Magnetoresistance is technologically important for magnetic sensors and data storage, but importantly also provides insight into the fundamental processes of conduction and spintronic physics. For ferromagnetic thin-films and multilayers, the interface can control or influence the magnetic and conduction properties in a variety of ways. Methods to interrogate the interfacial contribution to the observed behavior of such systems can therefore open new insights on the physical processes involved.
Anisotropic Magnetoresistance, AMR, can be a highly informative tool that describes the dependence of the resistivity on the angle between the current flow and applied magnetic field. In most cases the magnetization changes studies are all within the film plane. The key feature of the current research with the off-line facility at XMaS is the opportunity to study the angular dependence of the magnetoresistance when also pulling the magnetization out of the film plane – this requires high fields and angular rotation, and down to low temperatures, all of which are available with the XMaS system.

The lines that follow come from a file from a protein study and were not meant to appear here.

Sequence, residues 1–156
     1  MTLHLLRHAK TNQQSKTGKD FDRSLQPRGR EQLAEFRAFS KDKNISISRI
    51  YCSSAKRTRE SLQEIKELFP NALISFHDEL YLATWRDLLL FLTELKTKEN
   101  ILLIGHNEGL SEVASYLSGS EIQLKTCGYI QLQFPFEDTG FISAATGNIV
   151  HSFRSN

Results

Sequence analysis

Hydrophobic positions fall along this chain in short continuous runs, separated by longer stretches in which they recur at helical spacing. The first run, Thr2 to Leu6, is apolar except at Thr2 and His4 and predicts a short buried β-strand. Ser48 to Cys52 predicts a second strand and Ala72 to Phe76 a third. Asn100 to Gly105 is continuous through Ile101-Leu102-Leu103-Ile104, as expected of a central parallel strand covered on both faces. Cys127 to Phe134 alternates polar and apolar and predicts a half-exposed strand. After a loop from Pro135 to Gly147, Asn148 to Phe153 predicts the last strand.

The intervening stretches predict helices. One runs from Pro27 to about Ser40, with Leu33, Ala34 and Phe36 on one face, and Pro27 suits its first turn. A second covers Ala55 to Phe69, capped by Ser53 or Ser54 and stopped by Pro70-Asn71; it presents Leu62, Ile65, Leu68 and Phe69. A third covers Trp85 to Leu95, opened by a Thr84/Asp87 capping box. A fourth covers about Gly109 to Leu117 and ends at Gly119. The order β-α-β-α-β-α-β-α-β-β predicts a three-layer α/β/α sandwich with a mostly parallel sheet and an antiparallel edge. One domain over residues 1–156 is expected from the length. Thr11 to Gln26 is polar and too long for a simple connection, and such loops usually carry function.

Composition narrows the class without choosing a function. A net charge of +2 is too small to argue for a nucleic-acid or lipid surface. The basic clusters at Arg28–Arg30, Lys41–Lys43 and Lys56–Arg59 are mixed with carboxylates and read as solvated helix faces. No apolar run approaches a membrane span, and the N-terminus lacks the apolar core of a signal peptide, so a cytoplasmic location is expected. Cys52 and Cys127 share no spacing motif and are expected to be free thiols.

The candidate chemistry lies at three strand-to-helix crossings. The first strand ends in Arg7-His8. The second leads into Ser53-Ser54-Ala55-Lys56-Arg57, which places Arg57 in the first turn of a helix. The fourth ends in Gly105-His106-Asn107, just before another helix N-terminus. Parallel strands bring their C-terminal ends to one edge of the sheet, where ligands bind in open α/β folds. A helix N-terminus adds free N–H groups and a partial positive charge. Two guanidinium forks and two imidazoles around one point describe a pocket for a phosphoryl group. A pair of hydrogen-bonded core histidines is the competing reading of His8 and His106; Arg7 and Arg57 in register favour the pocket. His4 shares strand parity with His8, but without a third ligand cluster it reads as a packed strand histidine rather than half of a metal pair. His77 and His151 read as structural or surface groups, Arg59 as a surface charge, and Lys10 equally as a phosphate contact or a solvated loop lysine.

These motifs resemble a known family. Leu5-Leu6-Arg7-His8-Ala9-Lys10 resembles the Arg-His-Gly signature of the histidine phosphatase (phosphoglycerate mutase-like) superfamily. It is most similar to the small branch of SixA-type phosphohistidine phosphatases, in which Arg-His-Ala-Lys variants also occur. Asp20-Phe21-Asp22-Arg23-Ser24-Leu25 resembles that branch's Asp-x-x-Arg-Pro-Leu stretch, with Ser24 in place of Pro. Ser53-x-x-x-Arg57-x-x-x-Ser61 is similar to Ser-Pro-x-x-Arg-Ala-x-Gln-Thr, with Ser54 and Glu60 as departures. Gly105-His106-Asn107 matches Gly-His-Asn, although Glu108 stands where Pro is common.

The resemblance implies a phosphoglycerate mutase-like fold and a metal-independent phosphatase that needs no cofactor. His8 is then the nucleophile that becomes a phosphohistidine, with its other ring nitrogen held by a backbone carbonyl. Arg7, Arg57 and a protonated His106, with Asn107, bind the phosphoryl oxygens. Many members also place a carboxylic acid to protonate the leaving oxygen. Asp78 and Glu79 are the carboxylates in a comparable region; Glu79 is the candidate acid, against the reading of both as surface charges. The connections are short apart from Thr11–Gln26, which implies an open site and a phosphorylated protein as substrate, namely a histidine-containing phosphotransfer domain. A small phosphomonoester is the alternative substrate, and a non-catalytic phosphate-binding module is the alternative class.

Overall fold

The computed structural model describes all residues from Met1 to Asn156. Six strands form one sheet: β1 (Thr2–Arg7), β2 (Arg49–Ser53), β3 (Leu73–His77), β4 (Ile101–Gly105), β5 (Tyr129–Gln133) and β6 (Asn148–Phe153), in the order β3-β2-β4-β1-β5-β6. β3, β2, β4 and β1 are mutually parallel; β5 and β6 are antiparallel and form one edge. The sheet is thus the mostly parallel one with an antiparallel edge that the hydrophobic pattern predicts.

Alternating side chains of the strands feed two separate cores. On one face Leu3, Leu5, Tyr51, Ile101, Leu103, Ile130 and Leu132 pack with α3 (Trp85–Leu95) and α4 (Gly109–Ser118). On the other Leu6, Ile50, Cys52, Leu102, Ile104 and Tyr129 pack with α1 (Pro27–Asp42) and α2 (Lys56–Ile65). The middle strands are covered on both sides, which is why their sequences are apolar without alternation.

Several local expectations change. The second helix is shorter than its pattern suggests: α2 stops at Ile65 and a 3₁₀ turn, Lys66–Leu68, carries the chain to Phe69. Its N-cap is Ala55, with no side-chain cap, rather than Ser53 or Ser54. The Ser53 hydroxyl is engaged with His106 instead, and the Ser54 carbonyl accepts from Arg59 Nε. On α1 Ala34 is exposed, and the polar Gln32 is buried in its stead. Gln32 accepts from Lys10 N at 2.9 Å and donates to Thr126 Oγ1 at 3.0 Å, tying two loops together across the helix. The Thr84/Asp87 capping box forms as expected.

Such an approach allows us to study effective role of the interface layer and the magnetic anisotropy orientation in ferromagnetic (FM) and heavy metal (HM) bi-layer thin films. Good results have been obtained thus far and form the basis for further analysis and complementary measurements, such as low field AMR and x-ray structural analysis.
For further information please contact Prof. D. Atkinson, Durham Univeristy.
Example of magnetoresistance measurements as a function of magnetic field angle from in-plane to out-of-plane, at selected magnetic fields up to 2.4 T.